Noventa

It’s storming outside. As the rain mumbles loudly, we come together like sailors, rocking along with our ship in high waves. We are sitting on the floor, in a circle. It’s twenty of us in a room that feels too small, with a light too bright. There is dissonance between the beauty of our connection, and the subtle discomfort I experience in our physical space.

I am aware, maybe we all are, that each one of us is acting as an electric cable. We are responsible for maintaining a tension: through us passes something that is needed for this process, something beyond our rational comprehension. Over the last couple of hours each sentence has transformed from sound to needle; Marius’ voice is emotional acopuncture. And as the pressure reaches us, our bodies take turns softening and collapsing closer to the floor, melting and hardening in a quiet exploration of our consistency.

Right now, in the middle of the room there are two dark-wooden chairs facing each other. On the chair in front of me sits Noventa, the community ‘robot’.

Noventa came to life two days ago. Marie was released from any responsibility to desire, want, have opinions, and create. She became ‘Noventa’, a ninety’s Robot who follows basic orders. Each one of us has been triggered by this role-play: what does it mean to give orders? Does it make me a bad person if I engage with Noventa? Is this too rough of a pedagogy? Is she going to be fine?  We were encouraged to engage with her. Some asked her for a foot massage, others assigned her cleaning tasks – she even ended up being ‘ordered’ to dance on top of a table. I asked Noventa to make me a coffee; despite the discomfort I trusted the strategy.

I have known Marie for only a couple of weeks but through the thin layer of steel in her eyes I caught a glimpse of a new friend. Marie is a French engineer, bright and trained to be precise, to deliver. It worked well for her in the ‘real world’. It also brought her cycles of burn-out and disconnections. So, when Marie becomes robot ‘Noventa’, all of the mechanisms to follow orders are intensified and exaggerated.  I see Marie behind the shell of Noventa, waiting to break through into herself. Yet her inner robot needs to become visible, harden and crumble for Marie to step out. Or this seems to be the logic. As we are learning, before release comes discomfort, a sharp pain in seeing parts of ourselves die. So, as I watch her sitting on this wooden chair, I am connecting to the parts of me that I need to allow to die. I loosely sense them; I prepare my surrender, my mourning.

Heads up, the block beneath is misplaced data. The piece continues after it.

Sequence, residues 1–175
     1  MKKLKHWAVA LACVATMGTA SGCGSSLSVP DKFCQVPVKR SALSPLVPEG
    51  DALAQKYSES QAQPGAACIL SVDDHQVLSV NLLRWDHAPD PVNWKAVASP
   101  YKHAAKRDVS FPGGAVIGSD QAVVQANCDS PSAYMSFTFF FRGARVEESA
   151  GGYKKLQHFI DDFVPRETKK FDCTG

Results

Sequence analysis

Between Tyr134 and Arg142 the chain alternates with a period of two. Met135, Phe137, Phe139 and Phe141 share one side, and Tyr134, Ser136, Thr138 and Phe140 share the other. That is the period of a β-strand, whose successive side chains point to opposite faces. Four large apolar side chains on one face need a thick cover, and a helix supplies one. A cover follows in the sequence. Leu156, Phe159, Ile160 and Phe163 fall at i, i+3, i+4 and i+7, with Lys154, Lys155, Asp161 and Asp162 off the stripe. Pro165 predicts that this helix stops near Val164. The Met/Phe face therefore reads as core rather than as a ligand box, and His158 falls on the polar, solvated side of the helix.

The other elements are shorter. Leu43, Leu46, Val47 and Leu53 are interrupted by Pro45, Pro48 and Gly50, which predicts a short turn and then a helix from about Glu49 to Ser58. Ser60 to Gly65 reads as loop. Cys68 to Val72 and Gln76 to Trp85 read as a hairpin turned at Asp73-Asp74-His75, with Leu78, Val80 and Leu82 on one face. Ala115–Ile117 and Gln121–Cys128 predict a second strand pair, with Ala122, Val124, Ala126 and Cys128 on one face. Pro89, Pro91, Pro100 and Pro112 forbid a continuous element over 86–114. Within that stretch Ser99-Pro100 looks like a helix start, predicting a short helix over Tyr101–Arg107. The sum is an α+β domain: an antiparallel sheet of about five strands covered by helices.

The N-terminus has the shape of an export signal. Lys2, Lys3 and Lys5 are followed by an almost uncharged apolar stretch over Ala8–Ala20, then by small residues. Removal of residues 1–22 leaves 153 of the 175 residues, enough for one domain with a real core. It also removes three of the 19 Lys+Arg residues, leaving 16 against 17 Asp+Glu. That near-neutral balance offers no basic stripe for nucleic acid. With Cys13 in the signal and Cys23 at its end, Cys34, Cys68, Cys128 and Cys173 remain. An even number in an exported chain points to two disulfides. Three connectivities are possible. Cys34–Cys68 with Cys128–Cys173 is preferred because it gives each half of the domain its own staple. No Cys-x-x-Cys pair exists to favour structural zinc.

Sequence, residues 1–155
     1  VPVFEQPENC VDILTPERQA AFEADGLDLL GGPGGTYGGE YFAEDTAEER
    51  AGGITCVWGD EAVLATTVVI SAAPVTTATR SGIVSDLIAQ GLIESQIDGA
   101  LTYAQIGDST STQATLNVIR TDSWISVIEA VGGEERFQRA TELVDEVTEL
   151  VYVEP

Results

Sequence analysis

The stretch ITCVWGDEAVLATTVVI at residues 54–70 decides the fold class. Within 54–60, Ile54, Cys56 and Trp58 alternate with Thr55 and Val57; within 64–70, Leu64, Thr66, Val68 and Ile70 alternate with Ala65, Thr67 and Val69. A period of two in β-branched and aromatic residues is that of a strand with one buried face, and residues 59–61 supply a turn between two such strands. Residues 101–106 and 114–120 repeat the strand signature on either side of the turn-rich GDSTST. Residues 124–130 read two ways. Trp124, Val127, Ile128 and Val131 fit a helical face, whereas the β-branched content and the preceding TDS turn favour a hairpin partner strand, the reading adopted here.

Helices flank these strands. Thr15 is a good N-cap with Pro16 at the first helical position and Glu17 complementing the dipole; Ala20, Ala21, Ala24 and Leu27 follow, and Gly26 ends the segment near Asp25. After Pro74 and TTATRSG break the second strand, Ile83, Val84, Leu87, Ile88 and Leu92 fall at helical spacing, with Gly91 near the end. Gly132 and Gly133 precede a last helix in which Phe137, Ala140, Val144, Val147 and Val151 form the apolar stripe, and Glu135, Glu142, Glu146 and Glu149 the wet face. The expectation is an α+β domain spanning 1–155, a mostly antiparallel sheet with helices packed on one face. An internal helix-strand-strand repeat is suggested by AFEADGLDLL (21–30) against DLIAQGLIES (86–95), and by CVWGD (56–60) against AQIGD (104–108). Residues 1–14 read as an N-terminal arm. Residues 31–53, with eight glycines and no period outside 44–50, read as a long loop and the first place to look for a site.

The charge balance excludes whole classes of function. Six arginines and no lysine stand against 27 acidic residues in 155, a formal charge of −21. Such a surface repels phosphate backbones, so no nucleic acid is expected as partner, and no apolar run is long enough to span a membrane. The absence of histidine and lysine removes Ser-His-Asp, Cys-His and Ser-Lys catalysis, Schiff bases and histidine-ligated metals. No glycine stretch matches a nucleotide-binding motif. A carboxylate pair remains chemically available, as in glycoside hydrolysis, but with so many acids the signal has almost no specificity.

Marius asked Noventa to sit in one of the two chairs and stare towards the empty chair in front of her, imagining speaking with the Marie of the future, the one she wants to become. The one behind Noventa

Marie looks so much like a robot as she starts. She shakes her head lightly: I don’t see anything.

Marius reassures there isn’t anybody yet: I also still see an empty chair. Imagine it, create it. Marie seems blocked, so we are invited to stand up behind her, touch her shoulder and describe what we see.

The rain pours harder. I can barely hear each voice, but I do not need to hear. Sentence by sentence, on the empty chair appears Marie as a goddess. A loving being, with a strong body, fierce eyes, caring and sharp. There are falling stars and strange things happening, lights and movements I don’t fully understand. It’s a creative process that is held by this circle, and we are all loosely aware of it, holding ourselves more present than a moment before.

Eventually, Marie steps up, moves towards the empty chair, and with a different glow steps into the projection of her goddess self.

We are in reverence of this ritual. All illusions are suspended as they find breath in the presence required to hold space for Marie. For an instant, I am released from my own search for individuality, from my own desires, my own anger, my own impulses. And I am grateful because, as Marie evolves into a goddess, it becomes more obvious than the growth of others is also my own. I soften in the possibility of my own becoming: behind the layers of confusion and mud that I feel in my eyes, I catch a glimpse of the goddess that hides inside of me.

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